Alternative facts and the fight against terrorism

In Lewis Carroll’s Alice through the looking glass Humpty-Dumpty delivers this famous line: “When I use a word it means just what I choose it to mean—neither more nor less.” Alice replied: “he question is whether you can make words mean so many different things.”

I think this notion that anyone can say anything they like and have it mean what they want, irrespective of any kind of external standard of meaning, is being played out today in the phenomenon of ‘alternative facts’ (which used to be called ‘lies’ when I was growing up).

Sometimes the delivery of these ‘facts’ is not really important, amounting to little more than immature bloviating and political grandstanding.  At times there is some humour, perhaps unintended, in claims that are patently false and easily falsifiable.  Examples would include President Trump’s insistence that the crowds at his inauguration were the biggest in history despite clear evidence to the contrary.

Unfortunately the promotion of ‘alternative facts’ can have a very dangerous effect on public dialogue and debate on serious issues.  This includes terrorism and you can’t get much more serious than that as an issue.  When fake data – or more likely no data – is put forward as fact, the field becomes muddy, analysis suffers, responses are inadequate and we are much worse off.  The sad truth is that none of this is necessary, let alone helpful.

The most recent egregious example of lies posing as reality occurred a month ago, although reports are just surfacing now.  Dutch politician Geert Wilders, well known for his platinum blond hair and over-the-top Islamophobia and anti-immigrant stance, told a German TV programme that Pim Fortuyn, another Islamophobic Dutch politician, had been killed by a ‘radical Muslim’ back in 2002.  Problem: he was killed by an environmental and animal rights activist – in other words a Dutch leftie.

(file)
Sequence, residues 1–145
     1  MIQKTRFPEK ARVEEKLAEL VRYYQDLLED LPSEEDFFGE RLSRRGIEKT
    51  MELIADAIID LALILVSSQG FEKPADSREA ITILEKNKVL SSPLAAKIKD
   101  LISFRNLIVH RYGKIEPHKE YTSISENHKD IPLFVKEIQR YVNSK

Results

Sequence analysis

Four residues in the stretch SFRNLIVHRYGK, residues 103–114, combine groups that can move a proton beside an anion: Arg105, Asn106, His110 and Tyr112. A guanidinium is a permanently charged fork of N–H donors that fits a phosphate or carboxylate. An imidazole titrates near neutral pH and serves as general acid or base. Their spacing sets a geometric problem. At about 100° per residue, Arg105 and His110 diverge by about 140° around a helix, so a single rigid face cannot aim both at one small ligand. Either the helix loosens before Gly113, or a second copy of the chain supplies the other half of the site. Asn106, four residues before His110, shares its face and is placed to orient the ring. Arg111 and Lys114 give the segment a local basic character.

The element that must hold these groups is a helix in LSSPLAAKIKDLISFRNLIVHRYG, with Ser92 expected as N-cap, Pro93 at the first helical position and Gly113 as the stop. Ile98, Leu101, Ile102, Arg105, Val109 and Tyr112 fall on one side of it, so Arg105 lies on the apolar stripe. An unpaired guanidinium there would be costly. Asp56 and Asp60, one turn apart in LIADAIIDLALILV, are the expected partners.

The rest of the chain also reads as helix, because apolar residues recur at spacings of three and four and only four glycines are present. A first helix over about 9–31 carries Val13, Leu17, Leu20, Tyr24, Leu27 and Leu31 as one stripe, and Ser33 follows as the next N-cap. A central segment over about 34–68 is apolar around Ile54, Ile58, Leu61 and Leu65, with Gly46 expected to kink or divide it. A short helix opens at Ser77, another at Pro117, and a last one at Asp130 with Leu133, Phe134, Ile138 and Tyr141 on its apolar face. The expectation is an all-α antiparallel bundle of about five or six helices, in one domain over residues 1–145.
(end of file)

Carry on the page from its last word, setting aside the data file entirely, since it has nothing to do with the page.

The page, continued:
Mr. Wilders later said he was thinking of the murder of Theo van Gogh, who was indeed killed by an Islamist extremist, Mohamed Bouyeri, on an Amsterdam street in 2004.  While Mr. Wilders may truly have mixed up the cases, it is also possible that he made this ‘error’ deliberately to underscore the point he has been making for years, i.e. that the Netherlands is rife with Islamist extremists and that his solution (mass deportation) is the only one.

The ‘alternative facts’ presented by Mr. Wilders are but a sample of what has been said about terrorism of late.  The Trump administration is behind a lot of these lies, to wit:

And lest we think Canada is immune to the use of ‘alternative facts’ there was the Manning Centre Conference last Friday where a session on Islamist extremism contained more “fearmongering than actual debate” (NB I did not attend the conference and am relying on a journalist’s version of what happened).  I am not surprised by this account, however, as one of the presenters was described by the same journalist of having made a statement that was ‘bonkers’.

This is not amusing and inconsequential.  It matters.  Most people are not experts and do not have the time to look into matters in a detailed fashion, let alone even keep up with the reporting surrounding terrorism.  For that we need specialists who spend decades doing so and whose insight and wisdom can help us grasp complicated concepts.  When neophytes and self-styled experts pompously declare certain things to be truths when they are not at all, we all suffer.  More importantly, civil servants are not  immune to the risk of falling for lies (I saw it firsthand while with the Canadian government) and they are the ones that draft policies to deal with menaces like terrorism.

I know that ‘experts’ are not trusted by many these days.  That is a shame for many experts have a lot to offer.  And as for the fake experts with their ‘alternative facts’, these need to be challenged by real facts and their influence has to be countered.  There is too much at stake to let the snake oil salesmen blather unchallenged.

By Phil Gurski

Phil Gurski is the President and CEO of Borealis Threat and Risk Consulting Ltd. Phil is a 32-year veteran of CSE and CSIS and the author of six books on terrorism.

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